Another consideration is a trial court's independent responsibility "in ensuring that criminal trials are conducted within the ethical standards of the profession and that legal proceedings appear fair to all who observe them." Wheat, 486 U.S. at 160, 108 S.Ct. at 1698. Wheat makes clear that trial courts retain discretion to disqualify counsel even where the law does not absolutely require it - discretion to entertain those situations that fall into the "sometimes" category.

         Additionally, disqualification need not be on the basis of a conflict with the interests of her client, but because of the duty of loyalty owed to a former client, which is fundamental to the attorney-client relationship. This duty of loyalty is at the heart of the law, and it is not extinguished by the end of representation - it is important enough a former client may make a motion to disqualify an attorney representing a co-defendant, and upon a sufficient showing, have that attorney disqualified. However, the Second Circuit has made clear that the moving party must meet a high burden. This is because courts "must be solicitous of a client's right freely to choose his counsel [, because such] motions are often interposed for tactical reasons, and ... inevitably cause delay." Evans v. Artek Systems Corp., 715 F.2d 788, 791-92 (2d Cir. 1983) (internal quotations and citations omitted).

         Given the substantial rights involved and the high burden they precipitate, a party moving to disqualify counsel for another party must show that, first, he was previously represented by the subject attorney; second, that there is a "substantial relationship between the subject matter" of the attorney's prior representation of him and the issues in the current litigation; and third, that the attorney he seeks to disqualify either had access to or was likely to have access to "relevant privileged information" while representing him. See United States v. Prevezon Holdings Ltd., 839 F.3d 227, 239 (2d Cir. 2016). A matter is substantially related to an earlier representation if, first, "the current matter involves the work the lawyer performed for the former client; or, [second], there is substantial risk that representation of the present client will involve the use of information acquired in the course of representing the former client, unless that information has become generally known." United States v. Pizzonia, 415 F.Supp.2d 168, 178 (E.D.N.Y.2006). As noted in Pizzonia, the question of how broad a client's interests are have to be determined by the scope of the work that the attorney did in the former representation. Id. This consideration interlocks with the New York Rules of Professional Conduct, in particular Rule 1.9, which governs a lawyer's responsibilities to former clients. Finally, once a substantial relationship is established between the two cases, and the same lawyer is involved in both, the moving party "is not required to make a specific showing that confidences were passed to counsel. Instead, the [moving party] is entitled to the benefit of an irrebuttable presumption that confidences were shared." Prevezon Holdings Ltd, 839 F.3d at 240 (quoting DeFazio v. Wallis, 459 F.Supp.2d 159, 164-65 (E.D.N.Y.2006)).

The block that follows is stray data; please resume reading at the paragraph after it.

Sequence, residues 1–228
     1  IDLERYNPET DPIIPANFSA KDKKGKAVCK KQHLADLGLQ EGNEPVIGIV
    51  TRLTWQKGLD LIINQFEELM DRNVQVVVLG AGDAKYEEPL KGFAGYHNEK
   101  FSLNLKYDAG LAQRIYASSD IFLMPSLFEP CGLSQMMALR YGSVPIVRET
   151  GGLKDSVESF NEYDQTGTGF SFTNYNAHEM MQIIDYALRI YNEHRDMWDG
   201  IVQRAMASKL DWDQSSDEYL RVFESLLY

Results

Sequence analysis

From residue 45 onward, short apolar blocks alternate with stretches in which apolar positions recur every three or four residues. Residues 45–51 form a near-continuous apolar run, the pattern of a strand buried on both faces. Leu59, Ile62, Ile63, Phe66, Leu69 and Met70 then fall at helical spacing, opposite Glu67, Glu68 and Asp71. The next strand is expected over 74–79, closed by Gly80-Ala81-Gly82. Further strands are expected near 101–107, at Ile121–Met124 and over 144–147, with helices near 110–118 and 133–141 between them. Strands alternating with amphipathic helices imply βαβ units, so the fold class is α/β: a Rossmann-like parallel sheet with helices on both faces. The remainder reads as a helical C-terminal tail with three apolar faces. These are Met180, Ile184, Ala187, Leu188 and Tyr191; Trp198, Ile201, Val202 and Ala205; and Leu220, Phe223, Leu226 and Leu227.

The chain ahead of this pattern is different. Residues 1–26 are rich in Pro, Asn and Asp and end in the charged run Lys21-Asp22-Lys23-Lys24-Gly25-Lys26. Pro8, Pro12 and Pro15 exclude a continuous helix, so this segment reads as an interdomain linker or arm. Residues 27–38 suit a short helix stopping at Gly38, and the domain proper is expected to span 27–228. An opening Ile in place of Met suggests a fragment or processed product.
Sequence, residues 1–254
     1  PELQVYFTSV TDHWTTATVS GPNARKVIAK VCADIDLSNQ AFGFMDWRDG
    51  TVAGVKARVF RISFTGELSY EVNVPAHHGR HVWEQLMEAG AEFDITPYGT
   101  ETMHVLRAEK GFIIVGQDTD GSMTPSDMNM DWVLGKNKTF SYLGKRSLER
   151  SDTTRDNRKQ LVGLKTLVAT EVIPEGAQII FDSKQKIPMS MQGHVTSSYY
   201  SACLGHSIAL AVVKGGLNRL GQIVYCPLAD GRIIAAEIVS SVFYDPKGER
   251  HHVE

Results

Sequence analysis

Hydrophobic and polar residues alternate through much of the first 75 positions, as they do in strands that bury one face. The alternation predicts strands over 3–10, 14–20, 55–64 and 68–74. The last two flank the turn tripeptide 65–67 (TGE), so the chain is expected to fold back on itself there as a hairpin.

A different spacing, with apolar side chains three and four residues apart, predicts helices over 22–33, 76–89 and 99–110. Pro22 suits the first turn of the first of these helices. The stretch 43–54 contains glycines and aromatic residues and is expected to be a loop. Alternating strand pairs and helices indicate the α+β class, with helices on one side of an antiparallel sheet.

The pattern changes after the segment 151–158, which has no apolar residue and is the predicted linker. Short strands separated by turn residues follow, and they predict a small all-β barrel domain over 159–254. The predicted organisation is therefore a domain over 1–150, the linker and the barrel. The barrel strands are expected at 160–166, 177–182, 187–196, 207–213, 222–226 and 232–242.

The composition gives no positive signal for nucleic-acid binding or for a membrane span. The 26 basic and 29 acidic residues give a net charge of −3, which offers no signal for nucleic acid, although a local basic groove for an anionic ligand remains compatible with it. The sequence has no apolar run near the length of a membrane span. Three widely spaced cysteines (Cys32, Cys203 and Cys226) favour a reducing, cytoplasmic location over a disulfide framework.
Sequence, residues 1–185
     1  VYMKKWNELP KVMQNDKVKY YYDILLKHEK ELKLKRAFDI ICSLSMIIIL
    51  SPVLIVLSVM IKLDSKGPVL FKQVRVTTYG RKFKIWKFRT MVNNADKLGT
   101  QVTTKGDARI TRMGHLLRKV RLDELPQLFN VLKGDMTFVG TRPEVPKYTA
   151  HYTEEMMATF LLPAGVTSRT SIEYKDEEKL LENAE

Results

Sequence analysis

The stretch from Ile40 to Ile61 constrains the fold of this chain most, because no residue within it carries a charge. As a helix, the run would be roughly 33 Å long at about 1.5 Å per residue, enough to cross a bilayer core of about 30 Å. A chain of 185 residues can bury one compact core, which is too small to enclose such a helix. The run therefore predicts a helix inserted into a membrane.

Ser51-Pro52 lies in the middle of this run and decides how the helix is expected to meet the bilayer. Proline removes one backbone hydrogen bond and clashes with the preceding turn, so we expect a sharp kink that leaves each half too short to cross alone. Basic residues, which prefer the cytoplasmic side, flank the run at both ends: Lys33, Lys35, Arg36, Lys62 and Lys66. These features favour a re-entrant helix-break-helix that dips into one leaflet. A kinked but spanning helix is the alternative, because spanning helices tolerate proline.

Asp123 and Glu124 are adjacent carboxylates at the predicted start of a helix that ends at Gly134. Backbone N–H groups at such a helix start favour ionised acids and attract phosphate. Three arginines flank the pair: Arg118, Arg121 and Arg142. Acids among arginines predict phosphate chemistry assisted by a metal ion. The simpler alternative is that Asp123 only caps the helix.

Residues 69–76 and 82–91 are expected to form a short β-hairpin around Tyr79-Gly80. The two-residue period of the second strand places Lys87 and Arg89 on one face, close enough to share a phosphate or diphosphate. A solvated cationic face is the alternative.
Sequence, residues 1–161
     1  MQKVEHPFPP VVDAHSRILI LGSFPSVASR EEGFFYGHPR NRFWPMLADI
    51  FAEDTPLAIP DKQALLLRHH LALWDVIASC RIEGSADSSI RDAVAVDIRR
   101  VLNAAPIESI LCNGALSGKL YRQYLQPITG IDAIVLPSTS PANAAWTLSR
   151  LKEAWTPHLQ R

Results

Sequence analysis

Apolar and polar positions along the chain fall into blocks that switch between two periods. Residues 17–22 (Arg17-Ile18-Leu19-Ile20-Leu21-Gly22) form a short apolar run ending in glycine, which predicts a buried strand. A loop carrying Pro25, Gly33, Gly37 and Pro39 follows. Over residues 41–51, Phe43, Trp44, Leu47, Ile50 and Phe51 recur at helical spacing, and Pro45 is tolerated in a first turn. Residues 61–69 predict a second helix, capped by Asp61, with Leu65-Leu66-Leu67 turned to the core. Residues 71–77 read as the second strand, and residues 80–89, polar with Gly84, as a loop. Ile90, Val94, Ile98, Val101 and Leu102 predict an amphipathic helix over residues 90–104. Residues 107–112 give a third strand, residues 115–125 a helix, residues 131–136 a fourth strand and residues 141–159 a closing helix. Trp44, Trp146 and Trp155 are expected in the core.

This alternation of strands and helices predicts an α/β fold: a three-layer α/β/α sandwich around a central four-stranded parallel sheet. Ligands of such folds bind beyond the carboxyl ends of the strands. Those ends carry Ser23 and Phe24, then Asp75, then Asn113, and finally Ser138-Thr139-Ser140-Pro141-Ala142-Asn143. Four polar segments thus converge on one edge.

As a preface, based on the dialogue with counsel at the December 8th status conference, it is presumed that, following appropriate and independent counsel's advice to him, but without a formal Curcio allocution, Morris would exercise his Sixth Amendment right to have Attorney Fritz continue as his attorney of record, notwithstanding any past representation she afforded to Josephberg. Here, though, that is only half the equation. Succinctly, if Attorney Fritz did represent Josephberg, then Josephberg would need to waive any actual or potential conflicts as well. See Pizzonia, 415 F.Supp.2d at 179. Josephberg's motion to disqualify Attorney Fritz loudly speaks that he believes that there is an actual conflict and that, even if he could waive it, he would not. See ECF Dkt. No. 397 at 2.

         Plainly, the first relevant factor as to disqualification, and, indeed, the most critical challenge on this motion, is whether or not Attorney Fritz actually represented Josephberg. Attorney Fritz argues that she represented Josephberg only as corporate counsel; both Josephberg and the government disagree with that representation. Attorney Fritz states, in both her memorandum of law and her affirmation, that "[a]t no point leading up to the interviews did Ms. Fritz tell Mr. Josephberg that she represented him personally. Rather, she made clear to him that she represented Halcyon and Mr. Morris - a fact that, at that point, was well known to everyone at Halcyon, including Mr. Josephberg." Dkt. No. 405 at 2; see also Dkt. No. 405-1 ...